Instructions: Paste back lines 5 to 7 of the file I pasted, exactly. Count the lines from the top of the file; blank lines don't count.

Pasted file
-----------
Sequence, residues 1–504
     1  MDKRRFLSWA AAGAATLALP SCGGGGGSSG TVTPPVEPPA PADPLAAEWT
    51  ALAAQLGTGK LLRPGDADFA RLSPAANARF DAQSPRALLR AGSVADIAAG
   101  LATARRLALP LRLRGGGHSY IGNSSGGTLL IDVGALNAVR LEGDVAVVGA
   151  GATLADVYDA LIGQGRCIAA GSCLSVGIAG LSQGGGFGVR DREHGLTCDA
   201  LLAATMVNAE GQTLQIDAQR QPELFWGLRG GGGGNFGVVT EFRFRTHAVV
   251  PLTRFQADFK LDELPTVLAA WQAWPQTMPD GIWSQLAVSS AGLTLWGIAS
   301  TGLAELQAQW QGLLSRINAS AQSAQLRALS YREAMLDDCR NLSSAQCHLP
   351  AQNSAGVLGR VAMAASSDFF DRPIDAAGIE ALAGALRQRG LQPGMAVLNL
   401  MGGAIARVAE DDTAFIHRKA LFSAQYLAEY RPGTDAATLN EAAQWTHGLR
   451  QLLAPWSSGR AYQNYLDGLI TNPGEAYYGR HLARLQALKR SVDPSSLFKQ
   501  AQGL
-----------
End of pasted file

   151  GATLADVYDA LIGQGRCIAA GSCLSVGIAG LSQGGGFGVR DREHGLTCDA
   201  LLAATMVNAE GQTLQIDAQR QPELFWGLRG GGGGNFGVVT EFRFRTHAVV
   251  PLTRFQADFK LDELPTVLAA WQAWPQTMPD GIWSQLAVSS AGLTLWGIAS